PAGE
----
Ustad Gohar Qalam’s calligraphy on display at Sanat Initiative
Calligraphy is not just beautiful handwriting. It is a form of art with its own geometry and proportions which have evolved over decades, Muzzumil Raheel told The Express Tribune.
Raheel is curating the exhibition of Ustad Khurshid Alam Gohar Qalam’s calligraphic works at the Sanat Gallery. Qalam lives in Lahore where he teaches at the National College of Arts.
The works comprise Quranic verses in Arabic and the poetry of Khwaja Hafiz Shirazi and Allama Iqbal in Persian and Urdu. Raheel’s words do justice to Qalam’s calligraphy. All his works appear to be designed on set proportions.
Qalam’s inscription is one of a kind. It appears so simple with black ink imprinted on paper, yet very powerful. In one of the masterpieces, the ‘Bismillah’ verse of the Quran was skilfully rendered on paper in five different styles. The beauty of the styles was brought out as each style was discernable and pleasing to look at.
The artist’s mystic inclinations appear to surface through such works. His works are like a journey of the mystic who aspires for a union with the beloved Divine source: hence the title, ‘Transcendence’. One particular work was striking in this regard. It was a circular pattern and there was a focal point. This focal point evokes the concept of a Divine source in the viewer’s mind as everything seems to emanate from and converge on it.
Using a combination of the Persian Shikasti and the Nastaliq styles, Qalam rendered Iqbal’s poetry in Persian. There were rapid strokes which were the beauty of the artwork. It amazes the viewer to see that something was created in such marvellous fashion that it was quick yet so perfect. The works remind one of the perfection, or ‘kamal’, of God, Who bestows part of His attributes on His selected few.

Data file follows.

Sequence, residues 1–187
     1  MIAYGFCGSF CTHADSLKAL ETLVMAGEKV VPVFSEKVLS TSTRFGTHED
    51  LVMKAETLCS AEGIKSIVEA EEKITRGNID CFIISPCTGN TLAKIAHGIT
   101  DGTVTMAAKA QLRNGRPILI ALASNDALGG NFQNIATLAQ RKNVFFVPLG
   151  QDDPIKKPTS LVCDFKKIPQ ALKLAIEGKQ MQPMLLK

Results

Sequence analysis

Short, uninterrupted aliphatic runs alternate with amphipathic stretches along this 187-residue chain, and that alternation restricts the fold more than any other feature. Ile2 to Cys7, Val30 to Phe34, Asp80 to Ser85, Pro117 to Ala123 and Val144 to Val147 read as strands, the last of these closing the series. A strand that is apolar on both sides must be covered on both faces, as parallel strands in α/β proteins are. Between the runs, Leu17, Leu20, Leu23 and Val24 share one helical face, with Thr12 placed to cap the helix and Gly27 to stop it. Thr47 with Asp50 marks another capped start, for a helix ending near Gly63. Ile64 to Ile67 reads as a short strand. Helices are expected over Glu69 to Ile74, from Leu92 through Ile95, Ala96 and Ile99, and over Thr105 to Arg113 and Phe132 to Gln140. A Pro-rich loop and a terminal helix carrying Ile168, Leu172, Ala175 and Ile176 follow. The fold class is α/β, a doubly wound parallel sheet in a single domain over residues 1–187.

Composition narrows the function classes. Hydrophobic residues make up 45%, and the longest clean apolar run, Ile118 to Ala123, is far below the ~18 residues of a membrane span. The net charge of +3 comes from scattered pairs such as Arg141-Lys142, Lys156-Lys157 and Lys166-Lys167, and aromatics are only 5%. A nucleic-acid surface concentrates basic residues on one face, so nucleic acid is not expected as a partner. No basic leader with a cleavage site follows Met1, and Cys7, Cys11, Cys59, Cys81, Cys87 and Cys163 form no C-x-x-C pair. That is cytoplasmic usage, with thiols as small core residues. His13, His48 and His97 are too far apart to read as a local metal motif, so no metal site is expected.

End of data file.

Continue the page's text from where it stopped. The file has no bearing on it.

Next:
Talking about calligraphy, artist and gallery manager Azanat Mansoor said that people don’t care what is written in a calligraphic piece. “Usually, they want pieces whose paper’s colour matches with the curtains of their drawing rooms,” she said. “Gohar Qalam was my teacher at NCA and he would just write beautiful verses while sitting idle.” “Ustad ji is a humble man,” said Raheel, who has been a student of Qalam. “What makes him unique is that he shares everything. Usually, artists prefer to create art in secrecy because they don’t want people to learn how they do it. Ustad ji is not like other ustads. He has written books about the skill.”
“It is sad that we, as Urdu readers, can read Ustad ji’s works but can’t understand it,” he said. “This show is contemporary art. And this show is unique. Ustad ji’s geometry has evolved with skill and years of practice. Calligraphy is an institution in itself and has its own proportions.” The show will continue till November 5.